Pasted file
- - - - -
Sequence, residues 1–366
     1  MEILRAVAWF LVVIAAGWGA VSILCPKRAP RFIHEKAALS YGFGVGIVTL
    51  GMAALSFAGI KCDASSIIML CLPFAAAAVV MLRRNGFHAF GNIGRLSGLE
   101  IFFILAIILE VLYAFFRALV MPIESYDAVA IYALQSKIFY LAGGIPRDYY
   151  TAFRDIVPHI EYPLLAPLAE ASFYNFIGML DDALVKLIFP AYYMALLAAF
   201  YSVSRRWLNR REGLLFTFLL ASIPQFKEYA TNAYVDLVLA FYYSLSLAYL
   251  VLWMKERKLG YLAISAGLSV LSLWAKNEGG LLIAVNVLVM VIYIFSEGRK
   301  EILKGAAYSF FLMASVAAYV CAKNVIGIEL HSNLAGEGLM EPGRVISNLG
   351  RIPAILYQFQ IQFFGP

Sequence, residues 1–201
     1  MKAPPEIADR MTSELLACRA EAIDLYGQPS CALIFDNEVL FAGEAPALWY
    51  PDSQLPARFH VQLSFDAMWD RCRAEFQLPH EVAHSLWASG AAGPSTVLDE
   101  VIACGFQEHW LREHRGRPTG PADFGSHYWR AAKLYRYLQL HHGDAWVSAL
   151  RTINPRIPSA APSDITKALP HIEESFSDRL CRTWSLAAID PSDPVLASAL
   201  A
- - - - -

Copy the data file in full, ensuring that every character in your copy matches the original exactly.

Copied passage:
Sequence, residues 1–366
     1  MEILRAVAWF LVVIAAGWGA VSILCPKRAP RFIHEKAALS YGFGVGIVTL
    51  GMAALSFAGI KCDASSIIML CLPFAAAAVV MLRRNGFHAF GNIGRLSGLE
   101  IFFILAIILE VLYAFFRALV MPIESYDAVA IYALQSKIFY LAGGIPRDYY
   151  TAFRDIVPHI EYPLLAPLAE ASFYNFIGML DDALVKLIFP AYYMALLAAF
   201  YSVSRRWLNR REGLLFTFLL ASIPQFKEYA TNAYVDLVLA FYYSLSLAYL
   251  VLWMKERKLG YLAISAGLSV LSLWAKNEGG LLIAVNVLVM VIYIFSEGRK
   301  EILKGAAYSF FLMASVAAYV CAKNVIGIEL HSNLAGEGLM EPGRVISNLG
   351  RIPAILYQFQ IQFFGP

Sequence, residues 1–201
     1  MKAPPEIADR MTSELLACRA EAIDLYGQPS CALIFDNEVL FAGEAPALWY
    51  PDSQLPARFH VQLSFDAMWD RCRAEFQLPH EVAHSLWASG AAGPSTVLDE
   101  VIACGFQEHW LREHRGRPTG PADFGSHYWR AAKLYRYLQL HHGDAWVSAL
   151  RTINPRIPSA APSDITKALP HIEESFSDRL CRTWSLAAID PSDPVLASAL
   201  A